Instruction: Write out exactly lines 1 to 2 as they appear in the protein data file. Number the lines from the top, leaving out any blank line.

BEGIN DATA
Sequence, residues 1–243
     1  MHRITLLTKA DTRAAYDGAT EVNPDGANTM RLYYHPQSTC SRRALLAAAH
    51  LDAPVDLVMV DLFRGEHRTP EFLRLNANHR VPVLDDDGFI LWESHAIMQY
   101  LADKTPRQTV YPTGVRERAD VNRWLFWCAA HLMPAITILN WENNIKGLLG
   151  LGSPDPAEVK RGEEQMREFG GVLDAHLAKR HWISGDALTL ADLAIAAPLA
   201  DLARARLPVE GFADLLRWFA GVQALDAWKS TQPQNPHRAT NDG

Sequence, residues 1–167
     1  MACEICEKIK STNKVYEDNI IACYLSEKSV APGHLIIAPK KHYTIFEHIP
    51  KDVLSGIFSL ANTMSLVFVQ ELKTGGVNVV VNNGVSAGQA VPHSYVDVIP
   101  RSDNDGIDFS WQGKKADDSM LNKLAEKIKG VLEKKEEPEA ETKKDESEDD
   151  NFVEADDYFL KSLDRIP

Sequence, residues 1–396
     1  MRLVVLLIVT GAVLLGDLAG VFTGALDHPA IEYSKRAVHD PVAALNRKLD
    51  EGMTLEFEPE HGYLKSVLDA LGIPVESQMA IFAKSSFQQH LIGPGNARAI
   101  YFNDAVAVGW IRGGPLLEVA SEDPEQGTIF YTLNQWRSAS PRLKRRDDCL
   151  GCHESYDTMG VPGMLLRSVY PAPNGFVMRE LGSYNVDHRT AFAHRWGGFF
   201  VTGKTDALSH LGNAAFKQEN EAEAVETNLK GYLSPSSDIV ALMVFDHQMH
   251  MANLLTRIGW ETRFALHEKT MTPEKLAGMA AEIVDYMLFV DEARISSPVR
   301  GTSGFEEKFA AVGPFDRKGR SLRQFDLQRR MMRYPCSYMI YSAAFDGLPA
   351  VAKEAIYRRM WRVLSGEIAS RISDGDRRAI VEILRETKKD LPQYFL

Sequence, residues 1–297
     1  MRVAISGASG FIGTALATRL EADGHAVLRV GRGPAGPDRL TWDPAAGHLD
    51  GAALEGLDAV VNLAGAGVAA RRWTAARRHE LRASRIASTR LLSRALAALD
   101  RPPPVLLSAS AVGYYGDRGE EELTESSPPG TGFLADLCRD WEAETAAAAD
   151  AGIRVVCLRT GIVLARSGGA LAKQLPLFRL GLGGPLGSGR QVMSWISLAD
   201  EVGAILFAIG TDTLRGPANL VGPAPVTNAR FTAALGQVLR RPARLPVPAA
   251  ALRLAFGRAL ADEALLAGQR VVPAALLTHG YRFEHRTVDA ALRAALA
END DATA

Sequence, residues 1–243
     1  MHRITLLTKA DTRAAYDGAT EVNPDGANTM RLYYHPQSTC SRRALLAAAH